A street gambler plays three-card monte on the Strip's sidewalks.
An illegal vendor sells tap water in used bottles to unsuspecting tourists.
Two boozers exchange blows, but neither presses charges.
Las Vegas police routinely cite and arrest such lawbreakers in the state's most important casino area, but justice often is elusive. Police are frustrated by these types of minor offenses that appear to have no consequences for offenders who skip court dates or don't face justice, their cases dismissed because judges have more severe problems to handle.
Clark County District Attorney Steve Wolfson is studying a proposal to implement a night court on the Strip where offenders would be forced to pay up, and instead of putting offenders in jail, fine them heavily that same night and quickly send them on their way.
It's welcome news for Metropolitan Police Department Capt. Todd Fasulo, whose Convention Center Area Command officers patrol the Strip.
"We get bombarded from hotel complaints and continue to write the same 50 to 60 tickets for the same people," Fasulo said.
"The judges dismiss it because there's no way they're going to put somebody in jail for selling a bottle of water. We're telling (officers) to go out there, and they're thinking, 'Why keep spinning my wheels?' That's when a level of frustration kicks in," he said.
The bottom line is the economy. Some tourists won't go to a casino if they're going to be harassed on the street, Fasulo added.
A group that studied resort corridor issues recently proposed a night court, among other recommendations, to the County Commission as a way to clean up the Strip and make it more inviting for tourists. From those discussions have come a pedestrian study to identify areas where foot traffic is congested and an ordinance that bans certain animals on the world-famous, four-mile stretch of real estate between Russell Road and Sahara Avenue.
A NIGHT COURT MODEL
Wolfson has assigned a prosecutor to study Philadelphia Municipal Court's Nuisance Night Court model, a mobile court program that began in 1996 using volunteer judges to hear low-level cases, including underage drinking and disorderly conduct, among others. The goal is to deter crime by assessing civil penalties, such as community service and court fines, to offenders while keeping them out of jail.
It's unclear how many nights a week a Clark County night court would be open.
"This is still in the exploratory stage," Wolfson said. "If there's a new ordinance passed that needs some enforcement, the issuance of citations or literally arresting people, we could afford them a court system in a timely fashion. If someone is arrested on a Friday night, you don't want them to sit in jail until Monday."
Janet DiTomasso, director of Philadelphia Municipal Court diversion programs, said judges take turns holding court in different police precincts citywide. Federal grants help pay support staff filing court paperwork. Court opens 8 p.m. Friday evenings for about four hours at least twice a month and does not include misdemeanor or felony cases.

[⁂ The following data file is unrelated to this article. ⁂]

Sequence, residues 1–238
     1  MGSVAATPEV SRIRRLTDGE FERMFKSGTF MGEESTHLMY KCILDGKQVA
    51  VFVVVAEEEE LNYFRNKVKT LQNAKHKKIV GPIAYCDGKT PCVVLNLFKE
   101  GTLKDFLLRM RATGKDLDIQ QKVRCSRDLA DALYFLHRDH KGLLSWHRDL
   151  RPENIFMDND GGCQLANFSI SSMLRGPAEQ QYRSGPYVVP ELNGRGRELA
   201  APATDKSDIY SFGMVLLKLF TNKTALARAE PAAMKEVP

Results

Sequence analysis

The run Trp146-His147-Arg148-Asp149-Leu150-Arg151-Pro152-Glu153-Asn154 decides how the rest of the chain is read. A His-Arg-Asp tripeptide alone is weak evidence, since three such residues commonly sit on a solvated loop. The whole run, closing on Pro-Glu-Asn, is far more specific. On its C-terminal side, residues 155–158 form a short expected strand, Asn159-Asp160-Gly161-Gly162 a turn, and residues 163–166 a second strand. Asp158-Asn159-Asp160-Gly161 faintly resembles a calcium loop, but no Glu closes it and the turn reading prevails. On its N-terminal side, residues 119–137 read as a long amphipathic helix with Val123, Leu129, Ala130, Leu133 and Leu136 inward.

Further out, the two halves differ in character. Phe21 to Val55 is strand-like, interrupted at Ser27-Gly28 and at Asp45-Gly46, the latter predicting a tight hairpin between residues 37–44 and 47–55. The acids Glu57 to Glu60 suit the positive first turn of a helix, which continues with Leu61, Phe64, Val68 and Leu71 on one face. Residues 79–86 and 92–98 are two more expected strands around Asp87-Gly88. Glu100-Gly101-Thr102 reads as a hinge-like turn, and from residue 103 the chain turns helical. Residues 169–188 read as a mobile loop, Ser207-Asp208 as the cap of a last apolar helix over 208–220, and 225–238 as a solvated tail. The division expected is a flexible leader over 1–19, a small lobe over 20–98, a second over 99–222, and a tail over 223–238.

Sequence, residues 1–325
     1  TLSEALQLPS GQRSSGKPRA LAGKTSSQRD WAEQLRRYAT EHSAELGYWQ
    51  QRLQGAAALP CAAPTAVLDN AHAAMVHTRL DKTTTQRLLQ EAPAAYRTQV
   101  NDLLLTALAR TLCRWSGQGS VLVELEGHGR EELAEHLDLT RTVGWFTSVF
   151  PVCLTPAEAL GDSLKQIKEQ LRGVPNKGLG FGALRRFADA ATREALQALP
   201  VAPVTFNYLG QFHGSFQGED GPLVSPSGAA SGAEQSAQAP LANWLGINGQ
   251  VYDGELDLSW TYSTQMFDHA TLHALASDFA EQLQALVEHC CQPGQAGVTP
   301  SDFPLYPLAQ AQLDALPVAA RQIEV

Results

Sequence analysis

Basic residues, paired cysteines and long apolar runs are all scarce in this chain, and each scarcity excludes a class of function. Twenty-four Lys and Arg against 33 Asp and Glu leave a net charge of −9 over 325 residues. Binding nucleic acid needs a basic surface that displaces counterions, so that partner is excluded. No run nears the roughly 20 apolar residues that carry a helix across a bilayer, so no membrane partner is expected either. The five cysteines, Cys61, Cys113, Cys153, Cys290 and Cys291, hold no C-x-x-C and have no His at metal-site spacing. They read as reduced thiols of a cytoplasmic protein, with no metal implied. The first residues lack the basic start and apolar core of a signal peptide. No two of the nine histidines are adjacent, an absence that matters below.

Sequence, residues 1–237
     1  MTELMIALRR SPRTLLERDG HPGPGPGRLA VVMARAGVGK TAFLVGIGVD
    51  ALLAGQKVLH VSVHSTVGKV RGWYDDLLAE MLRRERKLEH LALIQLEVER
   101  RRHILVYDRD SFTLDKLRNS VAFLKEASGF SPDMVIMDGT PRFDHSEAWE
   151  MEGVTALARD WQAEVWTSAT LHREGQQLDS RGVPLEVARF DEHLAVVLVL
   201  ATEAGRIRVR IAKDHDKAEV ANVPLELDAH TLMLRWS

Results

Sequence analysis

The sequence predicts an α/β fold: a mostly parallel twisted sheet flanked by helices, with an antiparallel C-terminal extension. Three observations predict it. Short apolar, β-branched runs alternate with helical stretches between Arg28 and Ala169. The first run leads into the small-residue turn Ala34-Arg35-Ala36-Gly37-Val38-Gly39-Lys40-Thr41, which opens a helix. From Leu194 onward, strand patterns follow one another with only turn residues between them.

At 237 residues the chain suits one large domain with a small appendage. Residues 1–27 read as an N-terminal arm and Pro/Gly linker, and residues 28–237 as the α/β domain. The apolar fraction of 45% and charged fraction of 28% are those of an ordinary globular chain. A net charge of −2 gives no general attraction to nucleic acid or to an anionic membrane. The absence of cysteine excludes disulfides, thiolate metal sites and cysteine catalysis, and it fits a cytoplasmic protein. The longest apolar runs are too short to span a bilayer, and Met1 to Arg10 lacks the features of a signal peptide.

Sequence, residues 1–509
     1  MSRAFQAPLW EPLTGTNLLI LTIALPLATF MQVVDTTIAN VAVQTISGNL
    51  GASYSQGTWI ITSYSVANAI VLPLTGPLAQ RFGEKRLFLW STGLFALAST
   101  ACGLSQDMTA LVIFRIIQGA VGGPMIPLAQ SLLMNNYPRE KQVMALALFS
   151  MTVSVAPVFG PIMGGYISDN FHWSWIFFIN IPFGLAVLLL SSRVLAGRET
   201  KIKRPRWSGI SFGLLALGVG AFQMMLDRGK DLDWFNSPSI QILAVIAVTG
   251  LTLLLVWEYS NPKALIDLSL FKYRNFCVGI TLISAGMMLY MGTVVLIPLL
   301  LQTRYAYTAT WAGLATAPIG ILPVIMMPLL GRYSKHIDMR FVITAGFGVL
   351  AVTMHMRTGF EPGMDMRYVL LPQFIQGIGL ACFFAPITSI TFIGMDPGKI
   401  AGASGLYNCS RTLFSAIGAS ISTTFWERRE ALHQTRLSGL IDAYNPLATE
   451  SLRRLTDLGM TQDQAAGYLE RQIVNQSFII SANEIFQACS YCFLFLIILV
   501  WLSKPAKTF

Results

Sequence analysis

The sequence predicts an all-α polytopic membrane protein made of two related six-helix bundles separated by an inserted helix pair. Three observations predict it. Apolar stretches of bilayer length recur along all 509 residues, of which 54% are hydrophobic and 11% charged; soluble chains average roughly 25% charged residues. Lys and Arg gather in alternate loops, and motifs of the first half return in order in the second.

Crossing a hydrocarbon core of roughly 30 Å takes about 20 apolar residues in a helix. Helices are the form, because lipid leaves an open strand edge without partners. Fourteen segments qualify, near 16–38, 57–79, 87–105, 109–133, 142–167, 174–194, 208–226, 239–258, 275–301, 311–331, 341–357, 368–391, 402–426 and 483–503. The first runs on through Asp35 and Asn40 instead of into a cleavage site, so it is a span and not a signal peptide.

Once offenders complete community service and pay court fines, their records are cleared, she said.
Philadelphia has a problem with illegal street vendors similar to what is happening in Las Vegas, but now those merchants have less of a presence on the sidewalks because of the night court deterrent, DiTomasso added.
At one time, the Philadelphia Eagles pro football team requested the mobile court be set up at their old stadium to deal with rowdy fans. Only a few cases were heard there before the night court was moved to a better-equipped police precinct, DiTomasso said.
Wolfson's office is looking at different variations of the program, which include a physical satellite courtroom location on or near the Strip, on-call judges or full-blown court sessions at the Regional Justice Center.
A deputy district attorney and Las Vegas police are scheduled to travel to Philadelphia in June to study that city's night court program.
STRIP COURT LOCATION
A Strip court location would be more convenient for officers because cases would be expedited, Fasulo said.
Rather than driving to jail and going through the booking process, officers would be back out on the street more quickly for that "nice visible presence."
Oftentimes, plainclothes officers arrest the vendors, who strategically place themselves on pedestrian bridges, hide their illegal merchandise in bushes on casino properties, and use lookouts and radios to scope for police.
This pattern could be broken if hefty $500 fines were assessed for illegal vendors each time police run them through night court, Fasulo added.
"The county wins, we win, and we get rid of the problem off the Strip," Fasulo said. "The revenue is coming back in for civil penalties, and vendors will get the message real quick."
Fasulo said he envisions the court handling nuisance issues such as street vendors, jaywalkers and drunk-and-disorderly people, "not robbers and burglars."
Clark County Commissioner Lawrence Weekly said he supports the convenience of the idea, which allows for after-hours law enforcement in a 24-hour place.
"You're not having to deal with somebody hauled off to jail and stuck in jail all weekend because court is closed," Weekly said. "We'll probably see some diversion in crime."